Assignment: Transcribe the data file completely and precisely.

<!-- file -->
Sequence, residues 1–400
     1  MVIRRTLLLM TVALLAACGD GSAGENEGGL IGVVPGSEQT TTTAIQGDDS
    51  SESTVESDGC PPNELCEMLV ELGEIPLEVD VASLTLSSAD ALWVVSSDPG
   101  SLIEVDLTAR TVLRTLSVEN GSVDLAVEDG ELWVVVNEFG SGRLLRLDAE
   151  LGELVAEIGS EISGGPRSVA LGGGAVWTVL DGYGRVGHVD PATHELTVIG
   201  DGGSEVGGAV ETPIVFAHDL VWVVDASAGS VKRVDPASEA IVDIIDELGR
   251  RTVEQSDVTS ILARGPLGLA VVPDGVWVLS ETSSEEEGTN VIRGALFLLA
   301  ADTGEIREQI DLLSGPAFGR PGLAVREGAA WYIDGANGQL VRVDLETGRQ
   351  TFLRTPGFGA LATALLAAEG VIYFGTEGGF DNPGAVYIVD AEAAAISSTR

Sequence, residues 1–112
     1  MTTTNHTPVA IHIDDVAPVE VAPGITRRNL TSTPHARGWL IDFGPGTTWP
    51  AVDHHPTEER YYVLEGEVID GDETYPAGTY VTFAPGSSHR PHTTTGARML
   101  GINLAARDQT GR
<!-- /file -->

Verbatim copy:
Sequence, residues 1–400
     1  MVIRRTLLLM TVALLAACGD GSAGENEGGL IGVVPGSEQT TTTAIQGDDS
    51  SESTVESDGC PPNELCEMLV ELGEIPLEVD VASLTLSSAD ALWVVSSDPG
   101  SLIEVDLTAR TVLRTLSVEN GSVDLAVEDG ELWVVVNEFG SGRLLRLDAE
   151  LGELVAEIGS EISGGPRSVA LGGGAVWTVL DGYGRVGHVD PATHELTVIG
   201  DGGSEVGGAV ETPIVFAHDL VWVVDASAGS VKRVDPASEA IVDIIDELGR
   251  RTVEQSDVTS ILARGPLGLA VVPDGVWVLS ETSSEEEGTN VIRGALFLLA
   301  ADTGEIREQI DLLSGPAFGR PGLAVREGAA WYIDGANGQL VRVDLETGRQ
   351  TFLRTPGFGA LATALLAAEG VIYFGTEGGF DNPGAVYIVD AEAAAISSTR

Sequence, residues 1–112
     1  MTTTNHTPVA IHIDDVAPVE VAPGITRRNL TSTPHARGWL IDFGPGTTWP
    51  AVDHHPTEER YYVLEGEVID GDETYPAGTY VTFAPGSSHR PHTTTGARML
   101  GINLAARDQT GR